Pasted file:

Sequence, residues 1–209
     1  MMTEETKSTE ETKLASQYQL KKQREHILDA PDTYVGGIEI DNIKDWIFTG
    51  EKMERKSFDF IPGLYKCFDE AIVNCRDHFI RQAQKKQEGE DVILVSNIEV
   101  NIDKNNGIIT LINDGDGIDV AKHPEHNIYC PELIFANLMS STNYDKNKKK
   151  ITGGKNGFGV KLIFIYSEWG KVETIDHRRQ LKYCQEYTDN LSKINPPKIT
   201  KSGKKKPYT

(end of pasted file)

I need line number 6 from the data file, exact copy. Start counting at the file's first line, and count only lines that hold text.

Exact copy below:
   201  KSGKKKPYT